Selective inhibition of interleukin-4 gene expression in human T cells by aspirin

Antonella Cianferoni, John Thomas Schroeder, Jean Kim, John W. Schmidt, Lawrence M. Lichtenstein, Steve N. Georas, Vincenzo Casolaro

Research output: Contribution to journalArticle

Abstract

Previous studies indicated that aspirin (acetylsalicylic acid [ASA]) can have profound immunomodulatory effects by regulating cytokine gene expression in several types of cells. This study is the first in which concentrations of ASA in the therapeutic range were found to significantly reduce interleukin (IL)-4 secretion and RNA expression in freshly isolated and mitogen-primed human CD4+ T cells. In contrast, ASA did not affect IL-13, interferon-γ, and IL-2 expression. ASA inhibited IL-4, but not IL-2, promoter-driven chloramphenicol acetyltransferase expression in transiently transfected Jurkat T cells. The structurally unrelated non-steroidal anti-inflammatory drugs indomethacin and flurbiprofen did not affect cytokine gene expression in T cells, whereas the weak cyclo-oxygenase inhibitor salicylic acid was at least as effective as ASA in inhibiting IL-4 expression and promoter activity. The inhibitory effect of ASA on IL-4 transcription was not mediated by decreased nuclear expression of the known salicylate target nuclear factor (NF)-κB and was accompanied by reduced binding of an inducible factor to an IL-4 promoter region upstream of, but not overlapping, the NF of activated T cells- and NF-κB-binding P1 element. It is concluded that anti-inflammatory salicylates, by means of a previously unrecognized mechanism of action, can influence the nature of adaptive immune responses by selectively inhibiting the expression of IL-4, a critical effector of these responses, in CD4+ T cells.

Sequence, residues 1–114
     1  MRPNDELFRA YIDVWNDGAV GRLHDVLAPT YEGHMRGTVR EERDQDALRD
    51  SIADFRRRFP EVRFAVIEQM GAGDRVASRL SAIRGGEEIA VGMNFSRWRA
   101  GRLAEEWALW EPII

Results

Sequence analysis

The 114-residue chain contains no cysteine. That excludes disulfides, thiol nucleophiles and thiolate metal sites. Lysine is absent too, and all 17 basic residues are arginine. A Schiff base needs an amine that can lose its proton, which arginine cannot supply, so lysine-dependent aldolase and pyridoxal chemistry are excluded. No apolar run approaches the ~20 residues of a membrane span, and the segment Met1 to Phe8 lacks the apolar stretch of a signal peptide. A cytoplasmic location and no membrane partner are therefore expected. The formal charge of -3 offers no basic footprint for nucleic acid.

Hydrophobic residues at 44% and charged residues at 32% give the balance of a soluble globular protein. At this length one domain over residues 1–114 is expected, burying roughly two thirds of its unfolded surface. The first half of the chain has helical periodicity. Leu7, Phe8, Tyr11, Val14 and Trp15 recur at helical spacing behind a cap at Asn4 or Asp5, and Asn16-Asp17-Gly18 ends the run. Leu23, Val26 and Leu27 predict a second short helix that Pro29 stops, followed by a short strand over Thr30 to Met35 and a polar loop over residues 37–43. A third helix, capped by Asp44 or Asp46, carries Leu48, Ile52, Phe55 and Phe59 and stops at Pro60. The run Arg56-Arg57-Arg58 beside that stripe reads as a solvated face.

Original languageEnglish (US)
Pages (from-to)1742-1749
Number of pages8
JournalBlood
Volume97
Issue number6
DOIs
StatePublished - Mar 15 2001

Fingerprint

T-cells
Gene expression
Interleukin-4
Aspirin
T-Lymphocytes
Gene Expression
Salicylates
Interleukin-2
Anti-Inflammatory Agents
Cytokines
NFATC Transcription Factors
Flurbiprofen
TCF Transcription Factors
Chloramphenicol O-Acetyltransferase
Jurkat Cells
Interleukin-13
Salicylic Acid
Cyclooxygenase Inhibitors
Adaptive Immunity
Transcription

ASJC Scopus subject areas

  • Hematology

Cite this

Cianferoni, A., Schroeder, J. T., Kim, J., Schmidt, J. W., Lichtenstein, L. M., Georas, S. N., & Casolaro, V. (2001). Selective inhibition of interleukin-4 gene expression in human T cells by aspirin. Blood, 97(6), 1742-1749. https://doi.org/10.1182/blood.V97.6.1742

Selective inhibition of interleukin-4 gene expression in human T cells by aspirin. / Cianferoni, Antonella; Schroeder, John Thomas; Kim, Jean; Schmidt, John W.; Lichtenstein, Lawrence M.; Georas, Steve N.; Casolaro, Vincenzo.

In: Blood, Vol. 97, No. 6, 15.03.2001, p. 1742-1749.

Research output: Contribution to journalArticle

Cianferoni, A, Schroeder, JT, Kim, J, Schmidt, JW, Lichtenstein, LM, Georas, SN & Casolaro, V 2001, 'Selective inhibition of interleukin-4 gene expression in human T cells by aspirin', Blood, vol. 97, no. 6, pp. 1742-1749. https://doi.org/10.1182/blood.V97.6.1742